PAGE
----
Power connectivity in the Greater Mekong subregion

The need for a wider discourse

Dr Muyi Yang

Senior Electricity Policy Analyst, Asia

2 June 2022 | 2 min read

Executive summary

Addressing the energy trilemma in the Greater Mekong Subregion

Regional power connectivity – in the context of this think-piece – refers to fully interconnected national electricity systems that enable the trading of electricity across countries (regions), facilitated by harmonised regulatory arrangements that ensure coordination in the operation (for example, generation scheduling and dispatch, and congestion management) and planning (such as long-term supply adequacy) of a regional electricity system.

It is considered as a key option for addressing the energy trilemma between energy decarbonisation, supply security, and affordability.

Through a historical analysis of the evolution of power connectivity in the Greater Mekong Sub-region (GMS), the think piece develops the argument that regional power connectivity is a complex undertaking, shaped by a host of mutually interacting and unpredictably reinforcing influences.

In such settings, a natural strategy for policymakers to promote regional power connectivity is to remain focused on issues that are contained within the immediate confines of the electricity industry, such as insufficient infrastructure, lack of technical competence, and uncoordinated regulation. This is especially true when limited resources and tight deadlines combine to make a broader policy debate impractical.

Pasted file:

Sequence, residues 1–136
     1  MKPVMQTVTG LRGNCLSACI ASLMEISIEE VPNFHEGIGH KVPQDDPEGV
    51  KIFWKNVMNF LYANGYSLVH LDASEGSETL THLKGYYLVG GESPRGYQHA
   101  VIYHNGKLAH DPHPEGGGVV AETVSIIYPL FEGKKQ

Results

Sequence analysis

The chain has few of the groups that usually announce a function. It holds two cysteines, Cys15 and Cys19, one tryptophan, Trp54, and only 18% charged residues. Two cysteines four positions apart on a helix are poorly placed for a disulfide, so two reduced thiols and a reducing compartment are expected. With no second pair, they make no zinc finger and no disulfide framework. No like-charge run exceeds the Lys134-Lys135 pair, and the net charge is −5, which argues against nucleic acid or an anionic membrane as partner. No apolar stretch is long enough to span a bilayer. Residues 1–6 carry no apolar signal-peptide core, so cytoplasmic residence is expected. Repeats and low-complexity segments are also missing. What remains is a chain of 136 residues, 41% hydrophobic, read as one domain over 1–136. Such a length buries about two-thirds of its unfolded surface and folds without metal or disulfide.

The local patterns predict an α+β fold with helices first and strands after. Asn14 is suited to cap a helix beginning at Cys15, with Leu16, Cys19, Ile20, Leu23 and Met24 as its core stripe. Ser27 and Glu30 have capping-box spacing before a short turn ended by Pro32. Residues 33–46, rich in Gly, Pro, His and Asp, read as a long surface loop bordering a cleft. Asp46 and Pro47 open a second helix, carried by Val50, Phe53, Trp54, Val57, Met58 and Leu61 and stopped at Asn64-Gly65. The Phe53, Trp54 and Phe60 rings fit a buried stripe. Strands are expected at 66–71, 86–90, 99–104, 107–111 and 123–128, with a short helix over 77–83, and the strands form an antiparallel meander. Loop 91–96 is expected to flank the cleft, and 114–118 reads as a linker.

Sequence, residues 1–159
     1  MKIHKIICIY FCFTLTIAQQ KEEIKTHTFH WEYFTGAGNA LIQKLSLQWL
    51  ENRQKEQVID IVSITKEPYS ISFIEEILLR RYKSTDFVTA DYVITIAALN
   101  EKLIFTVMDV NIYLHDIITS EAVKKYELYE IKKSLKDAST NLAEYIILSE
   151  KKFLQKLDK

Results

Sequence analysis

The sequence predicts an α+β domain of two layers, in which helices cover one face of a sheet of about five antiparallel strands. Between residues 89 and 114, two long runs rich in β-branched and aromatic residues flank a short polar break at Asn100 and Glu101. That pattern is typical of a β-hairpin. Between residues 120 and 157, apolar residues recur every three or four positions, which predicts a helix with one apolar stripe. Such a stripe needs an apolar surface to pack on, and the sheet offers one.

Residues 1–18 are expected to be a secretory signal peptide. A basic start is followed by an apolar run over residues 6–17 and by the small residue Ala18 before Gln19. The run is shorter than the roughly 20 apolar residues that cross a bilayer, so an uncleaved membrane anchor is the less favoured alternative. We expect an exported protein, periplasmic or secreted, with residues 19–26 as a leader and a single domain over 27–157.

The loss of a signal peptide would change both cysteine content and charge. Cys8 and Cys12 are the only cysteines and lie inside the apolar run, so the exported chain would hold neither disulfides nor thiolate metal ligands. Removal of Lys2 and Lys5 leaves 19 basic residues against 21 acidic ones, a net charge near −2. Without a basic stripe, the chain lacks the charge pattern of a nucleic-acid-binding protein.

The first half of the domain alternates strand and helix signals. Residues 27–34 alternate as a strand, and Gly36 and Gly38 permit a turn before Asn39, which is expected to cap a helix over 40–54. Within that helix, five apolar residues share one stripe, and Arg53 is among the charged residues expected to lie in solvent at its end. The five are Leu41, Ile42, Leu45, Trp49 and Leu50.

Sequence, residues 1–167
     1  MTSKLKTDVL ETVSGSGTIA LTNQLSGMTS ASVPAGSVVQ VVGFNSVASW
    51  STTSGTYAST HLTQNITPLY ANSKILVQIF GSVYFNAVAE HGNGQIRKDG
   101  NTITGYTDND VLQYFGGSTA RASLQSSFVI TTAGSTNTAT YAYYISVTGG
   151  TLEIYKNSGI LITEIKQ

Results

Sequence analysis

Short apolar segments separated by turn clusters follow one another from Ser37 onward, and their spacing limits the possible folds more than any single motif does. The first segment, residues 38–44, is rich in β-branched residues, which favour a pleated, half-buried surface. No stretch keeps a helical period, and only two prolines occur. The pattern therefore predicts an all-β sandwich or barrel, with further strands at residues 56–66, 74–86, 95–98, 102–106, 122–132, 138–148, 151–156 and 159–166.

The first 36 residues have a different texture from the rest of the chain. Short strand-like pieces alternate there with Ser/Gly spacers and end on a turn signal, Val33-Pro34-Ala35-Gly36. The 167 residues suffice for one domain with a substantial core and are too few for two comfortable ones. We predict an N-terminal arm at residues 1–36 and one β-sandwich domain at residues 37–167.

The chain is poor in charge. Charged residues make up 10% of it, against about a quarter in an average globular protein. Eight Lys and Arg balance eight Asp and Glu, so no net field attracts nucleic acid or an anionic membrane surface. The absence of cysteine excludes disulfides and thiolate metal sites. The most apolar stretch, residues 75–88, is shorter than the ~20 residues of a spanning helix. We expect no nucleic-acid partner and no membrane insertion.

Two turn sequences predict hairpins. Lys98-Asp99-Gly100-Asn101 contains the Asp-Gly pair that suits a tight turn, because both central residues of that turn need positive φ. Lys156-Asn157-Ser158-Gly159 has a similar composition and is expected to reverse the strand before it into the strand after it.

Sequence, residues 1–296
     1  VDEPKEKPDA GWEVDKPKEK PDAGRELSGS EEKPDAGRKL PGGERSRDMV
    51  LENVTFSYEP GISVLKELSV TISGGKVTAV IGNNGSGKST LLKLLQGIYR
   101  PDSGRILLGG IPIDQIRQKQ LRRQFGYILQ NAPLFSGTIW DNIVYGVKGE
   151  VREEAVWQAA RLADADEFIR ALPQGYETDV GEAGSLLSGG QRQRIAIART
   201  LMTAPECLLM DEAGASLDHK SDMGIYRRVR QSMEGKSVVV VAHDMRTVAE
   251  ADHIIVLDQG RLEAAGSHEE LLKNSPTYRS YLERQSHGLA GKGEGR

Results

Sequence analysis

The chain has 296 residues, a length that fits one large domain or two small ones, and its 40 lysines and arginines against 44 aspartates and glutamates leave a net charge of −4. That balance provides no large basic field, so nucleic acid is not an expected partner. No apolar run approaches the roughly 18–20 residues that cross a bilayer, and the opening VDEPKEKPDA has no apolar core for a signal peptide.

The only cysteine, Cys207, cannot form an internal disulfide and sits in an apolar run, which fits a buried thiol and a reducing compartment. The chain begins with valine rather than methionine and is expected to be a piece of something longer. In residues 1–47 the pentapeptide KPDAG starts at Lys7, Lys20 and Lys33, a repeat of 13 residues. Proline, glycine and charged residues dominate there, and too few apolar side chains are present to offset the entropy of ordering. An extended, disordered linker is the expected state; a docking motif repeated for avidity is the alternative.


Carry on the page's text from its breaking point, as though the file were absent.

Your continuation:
Though useful, this approach towards regional power connectivity has failed to appreciate the influence of wider geopolitical and socio-economic contexts that have historically provided the impetus for regional power connectivity. It could produce policies that work initially. But these policies usually fail to progress power connectivity to a higher level. All too often such policy failure is attributed to some proximate external events rather than to shortcomings in the policy approach itself.

Therefore, the first essential step to deepening regional power connectivity is to broaden the debate on regional power connectivity to go beyond industry-specific issues to look at the interactions between regional power connectivity and the wider geo-political, socio-economic, and cultural contexts.


This think-piece is published on page 55 of the report “Pathways to a Sustainable and Just Transformation of the Mekong Region’s Electricity Sector”.

The full report is available for download from the websites of CSDS here and AMPERES here.

Supporting Material